Your client’s family could be a wrecking ball swinging towards their retirement chances.

Family issues were the largest obstacles to retirement success discussed in “How Clients Can Prevent Failure In Retirement,” a panel discussion last week at Financial Advisor’s 9th Annual Inside Retirement conference in Las Vegas.

Because problems involving divorce and adult children pose such a risk to retirement, advisors need to think holistically beyond financial issues, said Lorraine Ell, CEO of Better Money Decisions and Better Insurance Decisions.

“In general, we have to be more like coaches and guides,” said Ell. “We need to have responsibility for helping our clients make decisions around money.”


One of the biggest problems Ell has encountered in retirement planning is the divorce of couples near or in their retired years.

So-called “grey divorce” is a rising trend among older couples, said Greg Sullivan, principal & CEO of Sullivan, Bruyette Speros & Blayney, for two reasons. One is that there is a greater sense of financial security among couples and people of all genders. The other is that social media is allowing older Americans to meet and fall in love more easily.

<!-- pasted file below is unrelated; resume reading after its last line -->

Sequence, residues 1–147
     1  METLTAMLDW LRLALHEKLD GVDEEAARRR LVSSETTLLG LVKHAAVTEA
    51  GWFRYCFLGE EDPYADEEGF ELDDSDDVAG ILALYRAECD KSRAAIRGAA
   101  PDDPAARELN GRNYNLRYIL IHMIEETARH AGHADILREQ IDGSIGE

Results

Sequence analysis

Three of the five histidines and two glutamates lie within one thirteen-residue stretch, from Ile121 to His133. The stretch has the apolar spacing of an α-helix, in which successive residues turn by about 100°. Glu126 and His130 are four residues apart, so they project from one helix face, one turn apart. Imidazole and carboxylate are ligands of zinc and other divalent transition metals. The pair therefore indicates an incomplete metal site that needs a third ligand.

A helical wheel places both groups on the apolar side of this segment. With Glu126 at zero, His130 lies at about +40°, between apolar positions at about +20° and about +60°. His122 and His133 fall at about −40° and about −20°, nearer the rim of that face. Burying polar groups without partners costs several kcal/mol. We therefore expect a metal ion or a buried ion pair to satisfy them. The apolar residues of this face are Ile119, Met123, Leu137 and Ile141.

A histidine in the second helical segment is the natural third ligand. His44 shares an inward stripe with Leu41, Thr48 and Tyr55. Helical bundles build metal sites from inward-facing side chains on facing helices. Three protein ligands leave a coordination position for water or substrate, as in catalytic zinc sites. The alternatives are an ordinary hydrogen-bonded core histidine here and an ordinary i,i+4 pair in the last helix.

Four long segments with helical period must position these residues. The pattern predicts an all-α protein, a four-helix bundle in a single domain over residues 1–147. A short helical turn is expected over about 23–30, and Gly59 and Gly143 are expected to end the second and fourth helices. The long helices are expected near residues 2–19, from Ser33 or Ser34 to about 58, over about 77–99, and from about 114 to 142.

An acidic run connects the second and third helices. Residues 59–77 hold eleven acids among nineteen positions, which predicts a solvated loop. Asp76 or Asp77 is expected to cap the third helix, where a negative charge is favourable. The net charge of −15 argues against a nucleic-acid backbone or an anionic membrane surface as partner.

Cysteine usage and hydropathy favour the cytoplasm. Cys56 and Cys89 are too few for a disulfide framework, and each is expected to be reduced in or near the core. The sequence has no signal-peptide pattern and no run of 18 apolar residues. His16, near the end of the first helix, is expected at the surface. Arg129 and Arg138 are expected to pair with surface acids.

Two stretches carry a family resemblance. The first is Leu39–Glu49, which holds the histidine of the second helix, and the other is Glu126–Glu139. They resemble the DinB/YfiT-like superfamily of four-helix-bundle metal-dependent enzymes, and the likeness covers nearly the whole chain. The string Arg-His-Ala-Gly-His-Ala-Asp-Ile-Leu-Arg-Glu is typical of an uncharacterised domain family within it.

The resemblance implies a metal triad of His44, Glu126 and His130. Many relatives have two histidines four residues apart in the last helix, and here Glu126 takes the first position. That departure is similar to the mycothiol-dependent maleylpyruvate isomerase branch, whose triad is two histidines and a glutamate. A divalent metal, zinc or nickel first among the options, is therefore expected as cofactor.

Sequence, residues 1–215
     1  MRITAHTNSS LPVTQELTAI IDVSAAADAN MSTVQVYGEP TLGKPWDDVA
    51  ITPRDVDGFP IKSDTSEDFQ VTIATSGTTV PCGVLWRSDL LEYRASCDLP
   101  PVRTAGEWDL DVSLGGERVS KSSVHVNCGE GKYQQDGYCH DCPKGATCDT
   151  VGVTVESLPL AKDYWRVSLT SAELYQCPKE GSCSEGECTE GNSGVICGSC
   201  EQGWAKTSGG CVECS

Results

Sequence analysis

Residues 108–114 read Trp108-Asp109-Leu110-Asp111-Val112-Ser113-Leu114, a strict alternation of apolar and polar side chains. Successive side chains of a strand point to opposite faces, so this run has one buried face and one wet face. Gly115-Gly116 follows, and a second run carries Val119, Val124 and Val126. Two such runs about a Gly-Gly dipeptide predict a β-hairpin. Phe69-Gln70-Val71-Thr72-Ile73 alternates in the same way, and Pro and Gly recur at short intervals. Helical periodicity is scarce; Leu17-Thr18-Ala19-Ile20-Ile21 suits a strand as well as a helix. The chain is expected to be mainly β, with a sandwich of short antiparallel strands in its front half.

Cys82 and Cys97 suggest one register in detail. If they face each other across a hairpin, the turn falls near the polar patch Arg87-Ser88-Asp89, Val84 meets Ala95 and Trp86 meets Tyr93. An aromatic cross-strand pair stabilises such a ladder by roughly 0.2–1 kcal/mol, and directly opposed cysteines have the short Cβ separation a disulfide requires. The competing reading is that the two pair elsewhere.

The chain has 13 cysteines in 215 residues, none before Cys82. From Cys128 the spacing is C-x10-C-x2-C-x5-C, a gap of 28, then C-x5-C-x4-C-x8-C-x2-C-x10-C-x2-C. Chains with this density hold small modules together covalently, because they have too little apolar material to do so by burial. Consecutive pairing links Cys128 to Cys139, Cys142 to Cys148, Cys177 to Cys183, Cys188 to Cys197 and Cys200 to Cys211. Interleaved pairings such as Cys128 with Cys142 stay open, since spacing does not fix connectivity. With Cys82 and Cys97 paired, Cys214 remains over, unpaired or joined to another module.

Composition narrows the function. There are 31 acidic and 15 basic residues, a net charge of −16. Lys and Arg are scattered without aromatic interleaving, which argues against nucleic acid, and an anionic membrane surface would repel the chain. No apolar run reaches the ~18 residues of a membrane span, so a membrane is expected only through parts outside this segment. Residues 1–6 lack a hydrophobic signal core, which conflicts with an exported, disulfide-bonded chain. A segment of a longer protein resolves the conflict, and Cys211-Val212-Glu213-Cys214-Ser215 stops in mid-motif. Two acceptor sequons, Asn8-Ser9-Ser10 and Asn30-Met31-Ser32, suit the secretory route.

“We’re seeing more collaborative divorce, but it can lead to a worsening of outcomes for both parties,” said Sullivan. “When you separate the wealth you’ve accumulated as a couple, when you divide it in half, are you still going to be OK? The answer is usually no, you’re going to have much less—but you’re also going to be happier, so it’s still a good win.”

Sullivan suggests setting a meeting with both spouses, if possible, to establish transparency and discuss the financial processes involved in divorce. Afterwards, separate advisors should be assigned to each spouse.

Michael Zmistowski, principal of Financial Planning Advisors, uses a licensed divorce mediator in his office.

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